In 2020, publishers Hachette, HarperCollins, John Wiley and Penguin Random House sued the Internet Archive (IA) for copyright infringement, equating its ‘Open Library’ to a pirate site.
IA’s library is operated by a non-profit organization that scans physical books and then lends the digital copies to patrons in an ebook format.
While ‘digital’ book lending is not uncommon, libraries typically loan out DRM-protected files after acquiring a license from publishers. In this case, IA sent physical books it owned to a scanning facility and made its own copies.
Fair Use or Mass Copyright Infringement?
These digital copies were subsequently loaned out to patrons, with IA ensuring that only one person at a time could access a single digital copy of a single physical book.
IA previously sought summary judgment in its favor, arguing that a digital copy of a physical book ‘transforms’ the original work, with lending limits and the absence of profit also supporting a finding of fair use.
In contrast, the publishers described IA’s library as a rogue operation engaging in willful mass copyright infringement. Claiming direct damage to their bottom line, the publishers’ lawsuit aimed to put an end to the “illegal” lending program once and for all.
The publishers went on to request summary judgment and a declaration that this type of copying is a clear case of copyright infringement.
Opinion and Order
Earlier this week, the parties had the opportunity to back up their arguments during a New York Court hearing. District Court Judge John Koeltl questioned both sides on their summary judgment requests, before deliberating on his final decision.
After weighing the arguments. Judge Koeltl published his opinion and order yesterday. His order clearly sides with the publishers, whose request for summary judgment was granted. IA’s fair use defense and summary judgment in its favor was denied.
Courts typically weigh four factors when determining fair use. Judge Koeltl concludes that all four factors weigh strongly in favor of the publishers.
Starting with the first factor – whether the use is transformative – the order stresses that IA failed to show that its book lending operation meets the standard. The fact that only one patron at a time can borrow a book is irrelevant to the fair use question, the order notes.
“The crux of IA’s first-factor argument is that an organization has the right under fair use to make whatever copies of its print books are necessary to facilitate digital lending of that book, so long as only one patron at a time can borrow the book for each copy that has been bought and paid for,” Judge Koetl writes.
“But there is no such right, which risks eviscerating the rights of authors and publishers to profit from the creation and dissemination of derivatives of their protected works.”
The court fails to see how IA’s operation transforms the original work. The fact that IA is a non-profit organization isn’t a strong defense either, as the lending program still allows IA to benefit through donations and other means, without obtaining an appropriate license from the publishers.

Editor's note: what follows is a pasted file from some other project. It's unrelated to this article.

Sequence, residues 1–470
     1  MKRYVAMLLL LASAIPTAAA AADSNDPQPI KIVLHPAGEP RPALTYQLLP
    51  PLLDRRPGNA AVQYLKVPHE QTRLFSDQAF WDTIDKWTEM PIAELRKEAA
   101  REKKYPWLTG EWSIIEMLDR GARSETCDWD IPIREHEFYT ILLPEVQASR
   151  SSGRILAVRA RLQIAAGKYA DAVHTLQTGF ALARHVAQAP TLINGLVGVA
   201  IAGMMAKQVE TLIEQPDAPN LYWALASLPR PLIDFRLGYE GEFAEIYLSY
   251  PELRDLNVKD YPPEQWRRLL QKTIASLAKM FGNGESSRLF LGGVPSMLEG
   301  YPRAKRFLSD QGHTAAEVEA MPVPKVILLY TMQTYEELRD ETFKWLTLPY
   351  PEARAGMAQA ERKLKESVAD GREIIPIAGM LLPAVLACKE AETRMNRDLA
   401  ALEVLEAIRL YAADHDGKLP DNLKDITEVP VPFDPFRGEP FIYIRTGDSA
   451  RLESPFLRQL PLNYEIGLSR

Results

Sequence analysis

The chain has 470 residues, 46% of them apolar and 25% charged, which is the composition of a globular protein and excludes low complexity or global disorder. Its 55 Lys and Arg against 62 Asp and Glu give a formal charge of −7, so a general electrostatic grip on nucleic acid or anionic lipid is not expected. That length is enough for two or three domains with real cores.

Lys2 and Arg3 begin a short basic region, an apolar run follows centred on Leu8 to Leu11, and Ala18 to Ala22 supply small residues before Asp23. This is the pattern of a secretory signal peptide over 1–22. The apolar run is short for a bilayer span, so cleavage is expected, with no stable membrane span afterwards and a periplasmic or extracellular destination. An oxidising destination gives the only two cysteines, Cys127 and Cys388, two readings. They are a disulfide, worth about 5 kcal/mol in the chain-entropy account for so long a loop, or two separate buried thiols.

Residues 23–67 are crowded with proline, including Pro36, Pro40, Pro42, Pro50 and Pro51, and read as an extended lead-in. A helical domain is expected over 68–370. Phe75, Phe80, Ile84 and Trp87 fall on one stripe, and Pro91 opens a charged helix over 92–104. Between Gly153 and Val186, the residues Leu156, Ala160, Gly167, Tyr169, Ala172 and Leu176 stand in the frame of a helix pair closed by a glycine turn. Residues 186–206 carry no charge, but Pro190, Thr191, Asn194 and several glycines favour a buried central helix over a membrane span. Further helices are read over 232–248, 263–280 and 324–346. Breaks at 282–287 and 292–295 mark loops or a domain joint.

“IA’s wholesale copying and unauthorized lending of digital copies of the Publishers’ print books does not transform the use of the books, and IA profits from exploiting the copyrighted material without paying the customary price,” Judge Koetl notes.
Competing With Free?
Profits and revenue are also relevant in determining the fourth fair use factor, which questions whether the library affects the original book market and existing revenues.
IA argued that this isn’t the case, as sales volumes fail to show a negative correlation with its lending service. Unconvinced by the argument, Judge Koetl says that IA’s program amounts to direct competition for licensed alternatives.
“In this case, there is a ‘thriving ebook licensing market for libraries’ in which the Publishers earn a fee whenever a library obtains one of their licensed ebooks from an aggregator like OverDrive.
“This market generates at least tens of millions of dollars a year for the Publishers. And IA supplants the Publishers’ place in this market.”
IA’s library offers a vastly cheaper alternative to licensed platforms, which allows libraries and the public to save money. However, it does so at the expense of the publishers and their authors, according to the court.
“It is equally clear that if IA’s conduct becomes widespread, it will adversely affect the potential market for the Works in Suit,” Judge Koetl writes.
IA is Liable for Copyright Infringement
Since the remaining fair use factors weigh clearly in favor of the publishers, IA’s fair use defense fails. As a result, the court concludes that the Internet Archive is indeed liable for copyright infringement.
The scale of the damages has yet to be established. IA asked for statutory damages to be remitted, citing its status as a nonprofit library. Judge Koeltl says that at this time, any decision on damages is premature.
Based on this order, it’s clear that IA’s ebook lending library won’t be allowed to continue in its current form. That said, the Archive still has the option to appeal.
In response to the order, IA’s Director of Open Libraries, Chris Freeland, confirmed that an appeal is forthcoming.
“We will keep fighting for the traditional right of libraries to own, lend, and preserve books. We will be appealing the judgment and encourage everyone to come together as a community to support libraries against this attack by corporate publishers.”